Single mom Lexie Bell hopes to make this first Christmas in their new home special for her six-year-old son, Brock. Festive lights and homemade fudge, check. Friendly neighbors? Uh, no. The reclusive widower next door is more grinchy than nice. But maybe he just needs a reminder of what matters most. At least sharing some holiday cheer with him will distract her from her own lack of romance…
Stanley Mann lost his Christmas spirit when he lost his wife and he sees no point in looking for it. Until she shows up in his dreams and informs him it’s time to ditch his scroogey attitude. Stanley digs in his heels, but she’s determined to haunt him until he wakes up and rediscovers the joys of the season. He can start by being a little more neighborly to the single mom next door. In spite of his protests, he’s soon making snowmen and decorating Christmas trees. How will it all end?
Merrily, of course. A certain Christmas ghost is going to make sure of that!
A LITTLE CHRISTMAS SPIRIT
By Sheila Roberts
MIRA Books September 28, 2021
Lexie Bell awoke on Black Friday before her six-year old son and went downstairs to the kitchen, where she pulled out the leftover pumpkin pie she’d brought home from the so-called Orphans Thanksgiving dinner she’d attended.
She didn’t know very many people in the town of Fairwood yet, and she’d appreciated the invite from one of the older teachers at Fairwood Elementary, who had wanted to make sure everyone, especially a newcomer like Lexie, had a place to go. She’d met some nice people at that party and it gave her hope that she’d find her tribe and be able to settle into her new town as well as she was settling into her new job. She’d already made one good friend, Shannon, another single teacher at school, and she was looking forward to adding more.
As for settling into the job, that had been easy. What was not to like about being a kindergarten teacher? She enjoyed working with children, especially the little ones. She looked forward to going to work every day and seeing all those smiling, innocent faces, looking up at her every day, eager to learn.
And she was always eager to teach. She loved children, would have liked to have more than one herself. But so far one was all that was in the cards. She’d just discovered she was pregnant when her fiancé confessed that he’d been cheating. She’d ended things right then and there, and there had gone the plans for the big, destination wedding they’d been saving for, not to mention the big, happy family she’d dreamed of having.
“That’s what comes of putting the cart before the horse,” her grandma had said.
Thankfully, she only said it once. The last thing Lexie wanted Brock hearing about was horses and carts and how foolish his mother had been and what a loser the man she’s fallen for had turned out to be. She supposed there would come a time when she’d have to address that but not yet.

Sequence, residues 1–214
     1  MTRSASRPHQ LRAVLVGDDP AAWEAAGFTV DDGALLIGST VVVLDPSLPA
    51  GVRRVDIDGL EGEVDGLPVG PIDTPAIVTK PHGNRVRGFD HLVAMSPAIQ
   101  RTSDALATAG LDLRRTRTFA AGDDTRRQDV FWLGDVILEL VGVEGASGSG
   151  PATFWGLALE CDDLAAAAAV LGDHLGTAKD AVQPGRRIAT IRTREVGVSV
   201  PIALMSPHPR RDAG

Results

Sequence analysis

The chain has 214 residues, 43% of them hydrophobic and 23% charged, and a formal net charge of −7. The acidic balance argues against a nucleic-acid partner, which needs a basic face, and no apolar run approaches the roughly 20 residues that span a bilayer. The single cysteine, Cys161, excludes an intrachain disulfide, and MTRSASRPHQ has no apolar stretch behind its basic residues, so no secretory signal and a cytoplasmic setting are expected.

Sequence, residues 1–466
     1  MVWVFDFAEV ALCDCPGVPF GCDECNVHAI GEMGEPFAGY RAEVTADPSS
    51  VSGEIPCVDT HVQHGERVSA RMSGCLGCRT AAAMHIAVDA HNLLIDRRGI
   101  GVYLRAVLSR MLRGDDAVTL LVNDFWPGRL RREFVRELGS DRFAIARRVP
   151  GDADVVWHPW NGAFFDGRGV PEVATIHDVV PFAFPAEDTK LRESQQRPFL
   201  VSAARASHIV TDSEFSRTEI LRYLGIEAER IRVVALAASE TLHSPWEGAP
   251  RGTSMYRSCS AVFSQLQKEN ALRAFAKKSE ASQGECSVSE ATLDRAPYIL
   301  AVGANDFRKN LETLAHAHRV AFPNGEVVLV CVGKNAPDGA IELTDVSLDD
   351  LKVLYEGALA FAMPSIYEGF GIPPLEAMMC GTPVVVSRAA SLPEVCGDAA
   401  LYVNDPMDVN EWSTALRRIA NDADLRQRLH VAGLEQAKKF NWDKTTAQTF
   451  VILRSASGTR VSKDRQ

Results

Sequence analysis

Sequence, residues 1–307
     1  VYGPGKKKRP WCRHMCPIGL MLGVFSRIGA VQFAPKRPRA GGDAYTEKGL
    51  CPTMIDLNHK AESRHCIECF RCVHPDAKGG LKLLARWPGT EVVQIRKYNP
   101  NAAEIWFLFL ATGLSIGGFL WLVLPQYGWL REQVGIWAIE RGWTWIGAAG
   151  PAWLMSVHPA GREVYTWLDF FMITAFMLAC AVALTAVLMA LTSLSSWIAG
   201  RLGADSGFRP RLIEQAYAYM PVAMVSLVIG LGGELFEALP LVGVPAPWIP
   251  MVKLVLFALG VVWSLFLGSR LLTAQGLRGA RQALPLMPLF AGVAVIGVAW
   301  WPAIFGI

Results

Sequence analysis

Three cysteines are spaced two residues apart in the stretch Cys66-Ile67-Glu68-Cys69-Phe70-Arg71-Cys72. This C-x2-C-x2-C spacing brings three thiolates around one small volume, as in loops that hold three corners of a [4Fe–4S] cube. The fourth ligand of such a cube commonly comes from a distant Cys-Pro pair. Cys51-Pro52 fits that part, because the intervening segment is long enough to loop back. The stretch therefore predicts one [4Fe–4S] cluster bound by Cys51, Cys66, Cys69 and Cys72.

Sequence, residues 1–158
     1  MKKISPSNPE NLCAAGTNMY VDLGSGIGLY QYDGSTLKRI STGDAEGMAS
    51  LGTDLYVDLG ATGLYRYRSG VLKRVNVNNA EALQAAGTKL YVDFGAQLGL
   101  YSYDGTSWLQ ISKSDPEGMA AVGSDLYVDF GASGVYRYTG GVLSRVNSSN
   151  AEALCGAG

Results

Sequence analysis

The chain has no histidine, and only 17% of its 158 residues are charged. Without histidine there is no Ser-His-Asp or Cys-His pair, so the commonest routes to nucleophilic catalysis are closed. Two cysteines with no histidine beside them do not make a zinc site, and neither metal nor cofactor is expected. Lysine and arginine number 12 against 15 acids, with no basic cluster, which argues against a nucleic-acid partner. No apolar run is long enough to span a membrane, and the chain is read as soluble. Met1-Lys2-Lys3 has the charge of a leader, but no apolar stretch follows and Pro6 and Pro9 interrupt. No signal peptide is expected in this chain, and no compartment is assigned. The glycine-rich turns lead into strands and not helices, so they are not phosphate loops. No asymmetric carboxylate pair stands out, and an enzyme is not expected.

The cheater had signed over his parental rights and moved to San Diego, so it had always been just Lexie and Brock. A sweeter, more precocious boy you would never find, and while she may have made a mistake in the man she picked she didn’t regret the child she’d gotten out of the deal.
She wished her grandma was still alive so she could see what a great kid Brock was. She hoped Granny would be proud of how Lexie was raising her son. She felt she was doing okay. They both were.
She cut the big slice of pie in two, leaving the slightly smaller half for Brock, then squirted a pile of canned whipped cream on top. Nourishment for the quest that lay ahead: shopping Black Friday specials online for the perfect presents for her aunt and uncle and cousins back in California, and her mom and, of course, Brock.
She loved holiday sales. They were the only time she could actually afford all the expensive gifts that were usually out of reach for a single mom on a teacher’s salary. She settled on the couch with her pie on the coffee table and her laptop in her lap, started some Taylor Swift playing, cracked her knuckles, limbering up. Then she brought her computer to life. Let the adventure begin.
She’d already purchased a plane ticket for her mom so she could fly up from sunny California and join them for the holidays, but Lexie wanted something to put under the tree as well.
What to get? Perfume? No. Mom would say, “Your father’s gone. What’s the point?”
It was what she said about everything, from getting her nails done to whipping up the gourmet meals she used to love cooking. For years Lexi had gotten her a can of tennis balls as a stocking stuffer because Mom loved to play tennis, but that wasn’t an option. She’d stopped playing. She’d also given up her book club, claiming that since Daddy’s death it was hard to concentrate on the words on the page, so there was no point in getting her a book. Something for the house? Her mother had enough stuff.